Necessary Conditions for Joy and Healing

Douglas McManaman
Homily: 28th Sunday in Ordinary Time
October 8, 2022
Reproduced with Permission

There are two points that I'd like to bring out with respect to this gospel (Lk 17, 11-19), the healing of the ten lepers. As we all know, leprosy is a horrible disease. Those with leprosy will experience disfigurement of the skin and bones from tumors, there is a twisting of the limbs, curling of the fingers, the nose collapses, etc. It is in fact a disease of the nervous system; the nerve receptors deteriorate so they cannot experience pain in their hands and feet. Those with leprosy could not work, and they were separated from their families, they were considered ritually unclean, not to mention those who touched them. They would carry a bell around their necks to warn others of their proximity so they could maintain distance. For the lepers to ask Jesus to have pity shows tremendous faith in him; for if he were to heal them, they'd have their lives back. The joy they'd experience is hard to imagine unless we've had a similar experience.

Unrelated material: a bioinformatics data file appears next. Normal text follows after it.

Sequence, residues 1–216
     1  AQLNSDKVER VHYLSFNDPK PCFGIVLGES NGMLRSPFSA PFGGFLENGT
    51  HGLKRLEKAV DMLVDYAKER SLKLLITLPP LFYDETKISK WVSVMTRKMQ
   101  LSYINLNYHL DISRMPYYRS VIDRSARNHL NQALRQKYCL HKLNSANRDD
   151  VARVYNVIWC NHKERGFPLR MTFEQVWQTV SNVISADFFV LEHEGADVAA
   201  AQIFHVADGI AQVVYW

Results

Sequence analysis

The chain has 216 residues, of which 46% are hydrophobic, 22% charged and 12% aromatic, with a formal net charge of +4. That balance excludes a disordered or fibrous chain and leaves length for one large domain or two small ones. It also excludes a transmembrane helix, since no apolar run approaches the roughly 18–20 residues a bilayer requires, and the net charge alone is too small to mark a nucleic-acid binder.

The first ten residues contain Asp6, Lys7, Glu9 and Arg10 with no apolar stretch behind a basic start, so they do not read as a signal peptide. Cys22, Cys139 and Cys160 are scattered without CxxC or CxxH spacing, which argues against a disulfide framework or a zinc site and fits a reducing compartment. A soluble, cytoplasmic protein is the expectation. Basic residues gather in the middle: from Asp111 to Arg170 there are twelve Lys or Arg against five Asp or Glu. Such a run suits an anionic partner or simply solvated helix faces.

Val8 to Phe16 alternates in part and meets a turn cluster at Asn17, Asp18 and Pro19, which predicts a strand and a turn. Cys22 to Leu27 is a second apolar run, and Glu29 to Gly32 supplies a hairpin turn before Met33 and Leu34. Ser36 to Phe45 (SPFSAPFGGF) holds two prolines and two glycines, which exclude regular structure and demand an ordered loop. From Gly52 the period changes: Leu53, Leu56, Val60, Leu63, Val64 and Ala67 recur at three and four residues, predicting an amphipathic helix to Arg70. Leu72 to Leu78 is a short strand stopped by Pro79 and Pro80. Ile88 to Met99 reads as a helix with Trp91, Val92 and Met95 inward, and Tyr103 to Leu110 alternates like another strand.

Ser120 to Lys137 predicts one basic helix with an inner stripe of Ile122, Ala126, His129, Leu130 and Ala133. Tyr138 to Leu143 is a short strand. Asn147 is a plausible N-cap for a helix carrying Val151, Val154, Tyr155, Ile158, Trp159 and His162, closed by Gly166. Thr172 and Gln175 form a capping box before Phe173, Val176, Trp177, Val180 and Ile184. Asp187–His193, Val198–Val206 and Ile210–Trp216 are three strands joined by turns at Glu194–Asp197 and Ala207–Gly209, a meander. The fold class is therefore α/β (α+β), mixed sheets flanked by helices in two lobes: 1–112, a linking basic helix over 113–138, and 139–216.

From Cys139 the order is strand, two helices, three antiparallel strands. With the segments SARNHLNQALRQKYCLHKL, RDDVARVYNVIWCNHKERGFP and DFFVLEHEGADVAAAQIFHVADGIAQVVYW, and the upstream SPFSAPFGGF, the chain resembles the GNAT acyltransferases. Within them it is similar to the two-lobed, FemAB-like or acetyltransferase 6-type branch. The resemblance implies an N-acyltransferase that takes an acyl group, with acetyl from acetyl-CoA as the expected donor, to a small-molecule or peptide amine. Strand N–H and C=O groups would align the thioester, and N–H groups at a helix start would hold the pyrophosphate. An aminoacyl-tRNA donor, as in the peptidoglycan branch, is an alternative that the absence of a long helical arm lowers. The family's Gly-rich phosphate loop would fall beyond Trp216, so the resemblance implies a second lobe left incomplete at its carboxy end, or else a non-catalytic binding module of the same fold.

"Have pity on us", they say. And he does. He gives them their lives back. They can return to their families, are able to work again, worship, etc. The joy they would have experienced is, for most of us, unimaginable. But only one returns to give thanks.

I do not intend to judge the nine who did not return; I have no idea what was going on in their hearts. But the one who returned to Jesus understood something very important about "gifts", especially the gifts that are given to us by God. When God gives us a gift, when He answers a prayer, for example, and we are given some "thing", some blessing, etc., contained in that gift is the Person. It is the giving of the Person that is primary, the essential point of giving a gift; and the ultimate point in receiving the gift is to receive the Person. Things eventually break down, disintegrate, rust, whatever. But the point in receiving a gift is to receive the person that gave it. This is the case for all gifts, but this is especially the case with God; for He gives us gifts because He wants us to receive Him, who will never break down, disintegrate, rust, or decay. The spoiled child takes the gift but fails to recognize "the gift of the person" in the gift. So, he's ungrateful. The leper who returned clearly got this, understood it. That is why he returned in a spirit of gratitude. I don't mean to suggest that the other nine were lacking in gratitude, but I do suggest that this one leper who returned discovered the Person who gave himself in the giving of that blessing, and went looking for him until he found him.